How, you ask, is My Mother Handling the Publishing of a Memoir that Plumbs the Depths of Squalor and Emerges With Hope and Freedom?

The mathematical odds of this remarkable coincidence must be somewhere on the order of 10,000,00: 1. IMG_4688

Never in my life have I been more excited to receive packages. Contained within this stack of boxes is the very first shipment of my new book, The Emancipation of a Buried Man. After receiving this shipment I immediately spent the next six hours—until sunset forced a rest—delivering individual signed copies by bike to my first cadre of readers. The irony here, however, is that only two of these boxes contained my books. Three of them were packages from my mom—distant grandmother to my children 400 miles away—and someone deeply woven throughout my memoir (child of a hoarder finding purpose, vividly encountering the world for the first time, blah blah blah)….

So you may grasp this remarkable coincidence, I need to take you back to a conversation I had with her on December 20th of last year. “Eddy, I just wanted to let you know that the kids’ Christmas presents are going to be a little late.” At the time, while I was still feverishly working to complete the editing of my book, I was fully aware of the fact that this would ultimately prove to be a understatement. That’s ok, though. We’re used to it. The same thing happens every year. If someone had then predicted, however, that her Christmas gifts would arrive on the very same day as the VERY FIRST COPIES OF MY COMPLETED BOOK, I would have laughed in their face! That is an impossible coincidence!

Mom, the hoarder referenced in my book, has “a bit” of an organizational problem. Twice per month after Christmas she would assure me that she was getting them to UPS on the following Monday, following a list of unnecessary excuses. My twin children asked and asked about the status, after which we reminded them of her difficulties, and eventually the issue was forgotten.

Receiving them on the same day as the book is tremendously meaningful to me. It’s something I will never forget. My story is not a rant about my mom, or the squalor I endured for 18 long years. And yet, I have been profoundly anxious about her reaction to it. I have not provided her with an advance copy, simply because I feared the drama could have unhinged me from completing the project. In fact, she has yet to obtain one. I have urged her to wait until the Kindle version becomes available (it should be released within a day or two). Repeatedly I have called to check in on her, checking her mental and emotional state as my tell-all story goes public. I LIE AWAKE IN THE MIDDLE OF THE NIGHT WORRYING ABOUT THIS.

As the first stunned reactions to my story come in on Facebook, which my mother must be observing, I fear the worst. Please try to imagine this. To paint the picture for you, the first lines describing my story on the back of the book and pasted on Amazon, etc, read as follows: A child of a hoarder—an outcast growing up amid shocking squalor—finds purpose in this vivid memoir. Broken, alone and buried in a house full of junk and shame, … Now, if you were her, wouldn’t you be the least bit irritable?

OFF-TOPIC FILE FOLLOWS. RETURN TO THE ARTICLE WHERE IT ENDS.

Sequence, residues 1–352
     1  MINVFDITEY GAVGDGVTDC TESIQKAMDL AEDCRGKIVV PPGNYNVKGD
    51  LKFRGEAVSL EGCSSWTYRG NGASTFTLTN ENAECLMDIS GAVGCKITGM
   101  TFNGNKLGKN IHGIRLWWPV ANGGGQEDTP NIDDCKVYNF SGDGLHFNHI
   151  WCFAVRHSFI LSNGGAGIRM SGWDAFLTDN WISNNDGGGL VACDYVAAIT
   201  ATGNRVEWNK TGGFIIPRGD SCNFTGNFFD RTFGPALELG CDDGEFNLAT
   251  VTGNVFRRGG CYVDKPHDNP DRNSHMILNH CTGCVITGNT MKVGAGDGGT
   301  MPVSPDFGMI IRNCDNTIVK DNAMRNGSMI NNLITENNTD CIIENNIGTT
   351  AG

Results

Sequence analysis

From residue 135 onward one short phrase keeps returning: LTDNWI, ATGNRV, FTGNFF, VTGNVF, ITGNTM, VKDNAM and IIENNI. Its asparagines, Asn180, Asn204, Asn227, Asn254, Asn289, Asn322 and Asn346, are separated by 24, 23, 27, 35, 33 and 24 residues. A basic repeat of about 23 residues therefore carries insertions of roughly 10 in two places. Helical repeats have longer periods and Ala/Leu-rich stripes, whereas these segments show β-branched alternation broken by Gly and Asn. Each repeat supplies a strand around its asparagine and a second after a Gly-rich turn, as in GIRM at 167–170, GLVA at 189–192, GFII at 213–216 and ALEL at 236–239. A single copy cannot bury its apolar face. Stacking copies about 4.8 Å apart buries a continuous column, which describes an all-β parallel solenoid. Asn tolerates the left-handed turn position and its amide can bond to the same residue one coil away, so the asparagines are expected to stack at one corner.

On the contrary, she answers the phone with a remarkable lightness that I haven’t observed in years. Might this experience actually be cathartic for her? After querying her about all this, her exact words were, “Don’t worry. HAVE FUN WITH THIS.” Amazing! Until you read my story for yourself, you can’t possibly understand just how much of a relief this is for me.

Ten seconds later I turned to the next inevitable subject in our conversation, her low-paying job in retail that consumes a huge portion of her life in “retirement.” I long for her to work less, rather than being guilted into working long hours, and enjoy life more. HER RESPONSE TO THIS WAS PERFECT AS WELL. She said, “I like helping people. It gives me purpose.” How can you argue with that? I immediately told her this was an amazing statement.

All children of hoarders—BAR NONE—have strong opinions about the lives they want their parents to live. Ultimately we have to let them live as they choose, and love them unconditionally. I’m so thankful that I am experiencing recent success in this area. LETTING GO FEELS SO GOOD! This particular issue has the potential to tear the children of hoarders apart from their parents. It’s not worth the anguish. Holy scripture says it best:

And now these three remain: faith, hope and love. But the greatest of these is love.

I love Mom so much. Even more remarkable than the packages arriving on the same day, is the reality that this arduous and painful process of writing and publishing my story may bring us closer together than anything else ever has. Here are some words that come to mind: epiphany, gratitude, thanksgiving, amazed, wonder, marvelous, unbelievable, TRANSFORMING. Wow! I feel so good about this. More certain that we are moving in the right direction than ever before. I am an only child living hundreds of miles from her. Due to this, the significance is amplified all the more. You see, guilt also has the potential to tear the child of a hoarder up inside.

Christmas in April for my kids. What a gift to them as well! I love returning home to happy, excited, and grateful children: IMG_4699

And yet, the reality remains. Love, however, will never die…..


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